Insights Into Nosocomial Infection and Environmental Contamination

Insights Into Nosocomial Infection and Environmental Contamination

Microbes collect on fabric, objects, and surfaces in the hospital environment, but what role do they play in disease transmission, and how can a more sterile environment be maintained? The current findings sometimes leave us with more questions than answers. Food for thought was presented at a poster session that focused on nosocomial infections and environmental contamination at the joint 48th Annual Interscience Conference on Antimicrobial Agents and Chemotherapy and the Infectious Diseases Society of America 46th Annual Meeting, which convened October 25-28, 2008, in Washington, DC.

Nano-treated neckties fail to live up to claims
A study to evaluate whether carriage of bacteria on physicians’ clothing could be reduced using nano-treated garments found that, no, the technology could not effectively reduce bacteria and that microbes accumulate on garments over the course of the day.

Wendelyn Bosch, MD, a resident in internal medicine, explained that physicians’ neckties have been shown to carry pathogens and may be a reservoir for nosocomial infections. Bosch and colleagues from the Mayo Clinic in Jacksonville, Fla, evaluated whether nano-treated antimicrobial neckties could, as claimed, reduce microbial carriage and, in turn, reduce the incidence of nosocomial infection.1 The investigative team dispensed nano-treated neckties to 43 physicians who alternated in wearing either nano-treated neckties or untreated neckties from among their personal garments. Swab samples were collected from the knot and bottom of a selection of ties in the morning and afternoon for 4 months. Samples were cultured on trypticase soy agar and incubated for 48 hours at 37°C (98.6°F). Colony-forming units (CFUs) on the plates were then tallied. In the afternoons, participating physicians also completed questionnaires in which they detailed their hospital activities.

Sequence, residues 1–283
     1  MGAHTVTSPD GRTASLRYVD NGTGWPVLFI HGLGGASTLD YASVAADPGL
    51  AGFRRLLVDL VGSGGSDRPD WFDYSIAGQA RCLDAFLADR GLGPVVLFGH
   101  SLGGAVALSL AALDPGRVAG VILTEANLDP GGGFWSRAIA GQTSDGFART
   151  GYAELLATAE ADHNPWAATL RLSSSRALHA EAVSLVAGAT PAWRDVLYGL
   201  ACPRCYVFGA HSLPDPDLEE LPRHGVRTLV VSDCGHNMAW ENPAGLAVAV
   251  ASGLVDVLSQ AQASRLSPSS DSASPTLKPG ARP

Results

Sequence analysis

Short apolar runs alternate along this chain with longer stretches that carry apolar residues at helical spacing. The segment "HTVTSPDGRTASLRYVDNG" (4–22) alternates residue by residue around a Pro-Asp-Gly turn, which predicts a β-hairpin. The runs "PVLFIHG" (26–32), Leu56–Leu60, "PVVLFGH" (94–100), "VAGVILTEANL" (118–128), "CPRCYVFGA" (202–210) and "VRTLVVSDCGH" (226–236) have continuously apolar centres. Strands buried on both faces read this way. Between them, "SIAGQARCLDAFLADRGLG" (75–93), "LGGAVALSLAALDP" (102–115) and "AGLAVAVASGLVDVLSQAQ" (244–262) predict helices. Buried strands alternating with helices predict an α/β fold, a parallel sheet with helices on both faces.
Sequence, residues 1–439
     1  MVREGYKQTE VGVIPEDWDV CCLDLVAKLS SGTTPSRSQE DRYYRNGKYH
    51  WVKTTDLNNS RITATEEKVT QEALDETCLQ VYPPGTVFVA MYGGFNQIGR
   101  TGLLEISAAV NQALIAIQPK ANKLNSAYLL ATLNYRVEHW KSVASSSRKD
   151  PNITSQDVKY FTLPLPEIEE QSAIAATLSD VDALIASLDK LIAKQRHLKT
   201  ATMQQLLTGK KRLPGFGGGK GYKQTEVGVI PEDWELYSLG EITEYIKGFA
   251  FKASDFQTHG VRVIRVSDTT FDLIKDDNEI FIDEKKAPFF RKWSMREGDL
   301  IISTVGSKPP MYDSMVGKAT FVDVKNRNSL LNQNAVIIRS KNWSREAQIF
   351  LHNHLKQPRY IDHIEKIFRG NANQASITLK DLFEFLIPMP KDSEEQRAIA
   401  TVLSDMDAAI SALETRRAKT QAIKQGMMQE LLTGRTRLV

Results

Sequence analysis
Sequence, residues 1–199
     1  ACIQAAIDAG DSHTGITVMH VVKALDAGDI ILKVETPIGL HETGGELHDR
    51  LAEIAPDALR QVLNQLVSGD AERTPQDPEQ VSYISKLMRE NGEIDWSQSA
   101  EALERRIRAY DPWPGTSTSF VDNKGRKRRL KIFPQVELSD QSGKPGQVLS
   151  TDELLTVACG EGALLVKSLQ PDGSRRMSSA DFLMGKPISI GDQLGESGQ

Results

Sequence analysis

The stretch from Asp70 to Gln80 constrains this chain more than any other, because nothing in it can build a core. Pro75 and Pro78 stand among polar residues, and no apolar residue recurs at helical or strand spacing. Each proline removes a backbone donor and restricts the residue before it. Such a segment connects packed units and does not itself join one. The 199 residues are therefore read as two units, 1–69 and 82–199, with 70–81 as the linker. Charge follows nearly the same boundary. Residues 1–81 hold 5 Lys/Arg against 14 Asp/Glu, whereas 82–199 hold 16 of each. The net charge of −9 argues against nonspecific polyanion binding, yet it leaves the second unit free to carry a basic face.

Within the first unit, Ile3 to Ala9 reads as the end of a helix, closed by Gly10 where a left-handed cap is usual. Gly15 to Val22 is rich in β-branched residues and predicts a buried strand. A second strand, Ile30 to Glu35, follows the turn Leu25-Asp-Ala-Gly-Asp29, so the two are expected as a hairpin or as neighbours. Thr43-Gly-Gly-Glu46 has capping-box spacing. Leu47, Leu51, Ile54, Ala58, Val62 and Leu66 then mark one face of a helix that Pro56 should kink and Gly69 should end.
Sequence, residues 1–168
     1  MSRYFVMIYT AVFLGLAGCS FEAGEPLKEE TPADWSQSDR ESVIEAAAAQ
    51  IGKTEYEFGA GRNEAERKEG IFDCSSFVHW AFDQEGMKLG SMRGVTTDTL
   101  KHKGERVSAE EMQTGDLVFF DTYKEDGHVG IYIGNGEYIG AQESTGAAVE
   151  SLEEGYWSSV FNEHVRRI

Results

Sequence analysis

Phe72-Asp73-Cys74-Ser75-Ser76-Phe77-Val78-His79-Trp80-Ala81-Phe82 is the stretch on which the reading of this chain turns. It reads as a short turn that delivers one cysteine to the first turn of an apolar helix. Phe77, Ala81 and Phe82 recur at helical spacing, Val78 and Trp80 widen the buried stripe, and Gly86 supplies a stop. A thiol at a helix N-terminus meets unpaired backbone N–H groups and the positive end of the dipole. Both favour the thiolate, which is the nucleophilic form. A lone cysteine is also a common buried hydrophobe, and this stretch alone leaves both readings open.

Through this exercise, it was learned that on average, a participating physician saw 9 patients per day. Forty-four percent of these physicians regularly examined open wounds and 60% regularly examined central lines and Foley catheters. It was discovered that regardless of whether the necktie was treated, more CFUs were in the culture plates of samples taken in the afternoon than in those taken in the morning (P < .0001). Twice as many bacteria were cultured from samples taken from the knot than from the tip of ties. Of special importance is that more bacteria were apparently present on the nano-treated ties than on the untreated ties, calling into question claims that such ties repel microbes and therefore have antimicrobial utility.

Fortunately, the most prevalent types of bacteria found in the ties were coagulase-negative staphylococci, diphtheroids, and micrococci—all of which were considered to be normal skin flora. No methicillin-resistant Staphylococcus aureus or gram-negative pathogens were identified.

Bosch and colleagues’ take-home message was that a type of nanotechnology, which involves treating cloth fibers with nano-particles, does not necessarily prevent bacteria from adhering to the cloth, and also that the microbial load on a typical physician’s necktie is greater at the end of the day than at the outset. The reason more bacteria are found on a necktie in the afternoon than in the morning, Bosch conjectured, is that physicians repeatedly adjust their ties during the day, cumulatively passing microbes from skin to cloth.

Evidence on whether pathogens can be transmitted via clothing is lacking, concluded Bosch. Nevertheless, she stressed that proper hygiene—specifically hand washing—remains the most appropriate way to reduce transmission of pathogens between clinicians and patients.

Antimicrobial polymers aren’t so great either
An antimicrobial surface polymer, organosiline, used in commercial products such as bandaids, diapers, and shoe insoles, was put to the test in the hospital setting. It did not perform up to par, according to researchers at the University of Maryland in Baltimore.2